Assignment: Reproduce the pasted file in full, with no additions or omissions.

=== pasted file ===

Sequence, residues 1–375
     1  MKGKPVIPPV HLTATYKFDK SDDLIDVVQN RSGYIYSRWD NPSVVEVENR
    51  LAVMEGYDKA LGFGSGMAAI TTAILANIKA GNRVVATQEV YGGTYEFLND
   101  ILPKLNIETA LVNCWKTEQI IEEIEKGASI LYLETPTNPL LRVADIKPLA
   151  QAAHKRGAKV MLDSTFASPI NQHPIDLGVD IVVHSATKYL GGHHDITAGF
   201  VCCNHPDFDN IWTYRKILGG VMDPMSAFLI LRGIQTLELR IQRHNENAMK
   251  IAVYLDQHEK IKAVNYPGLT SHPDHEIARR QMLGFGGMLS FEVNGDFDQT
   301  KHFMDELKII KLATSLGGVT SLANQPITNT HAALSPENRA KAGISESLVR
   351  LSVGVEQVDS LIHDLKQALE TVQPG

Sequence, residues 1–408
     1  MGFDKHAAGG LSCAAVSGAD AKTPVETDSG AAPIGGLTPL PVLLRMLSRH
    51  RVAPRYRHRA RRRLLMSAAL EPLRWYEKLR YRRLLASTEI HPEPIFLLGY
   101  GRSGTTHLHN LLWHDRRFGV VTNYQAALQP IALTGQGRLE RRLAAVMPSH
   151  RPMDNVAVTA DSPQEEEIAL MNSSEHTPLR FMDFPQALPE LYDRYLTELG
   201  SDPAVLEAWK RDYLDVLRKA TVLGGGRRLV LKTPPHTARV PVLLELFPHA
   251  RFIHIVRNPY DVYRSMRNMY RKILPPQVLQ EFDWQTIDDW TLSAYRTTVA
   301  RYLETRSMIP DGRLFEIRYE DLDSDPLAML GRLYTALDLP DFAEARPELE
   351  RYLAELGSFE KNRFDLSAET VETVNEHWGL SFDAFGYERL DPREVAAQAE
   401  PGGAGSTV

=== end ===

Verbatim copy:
Sequence, residues 1–375
     1  MKGKPVIPPV HLTATYKFDK SDDLIDVVQN RSGYIYSRWD NPSVVEVENR
    51  LAVMEGYDKA LGFGSGMAAI TTAILANIKA GNRVVATQEV YGGTYEFLND
   101  ILPKLNIETA LVNCWKTEQI IEEIEKGASI LYLETPTNPL LRVADIKPLA
   151  QAAHKRGAKV MLDSTFASPI NQHPIDLGVD IVVHSATKYL GGHHDITAGF
   201  VCCNHPDFDN IWTYRKILGG VMDPMSAFLI LRGIQTLELR IQRHNENAMK
   251  IAVYLDQHEK IKAVNYPGLT SHPDHEIARR QMLGFGGMLS FEVNGDFDQT
   301  KHFMDELKII KLATSLGGVT SLANQPITNT HAALSPENRA KAGISESLVR
   351  LSVGVEQVDS LIHDLKQALE TVQPG

Sequence, residues 1–408
     1  MGFDKHAAGG LSCAAVSGAD AKTPVETDSG AAPIGGLTPL PVLLRMLSRH
    51  RVAPRYRHRA RRRLLMSAAL EPLRWYEKLR YRRLLASTEI HPEPIFLLGY
   101  GRSGTTHLHN LLWHDRRFGV VTNYQAALQP IALTGQGRLE RRLAAVMPSH
   151  RPMDNVAVTA DSPQEEEIAL MNSSEHTPLR FMDFPQALPE LYDRYLTELG
   201  SDPAVLEAWK RDYLDVLRKA TVLGGGRRLV LKTPPHTARV PVLLELFPHA
   251  RFIHIVRNPY DVYRSMRNMY RKILPPQVLQ EFDWQTIDDW TLSAYRTTVA
   301  RYLETRSMIP DGRLFEIRYE DLDSDPLAML GRLYTALDLP DFAEARPELE
   351  RYLAELGSFE KNRFDLSAET VETVNEHWGL SFDAFGYERL DPREVAAQAE
   401  PGGAGSTV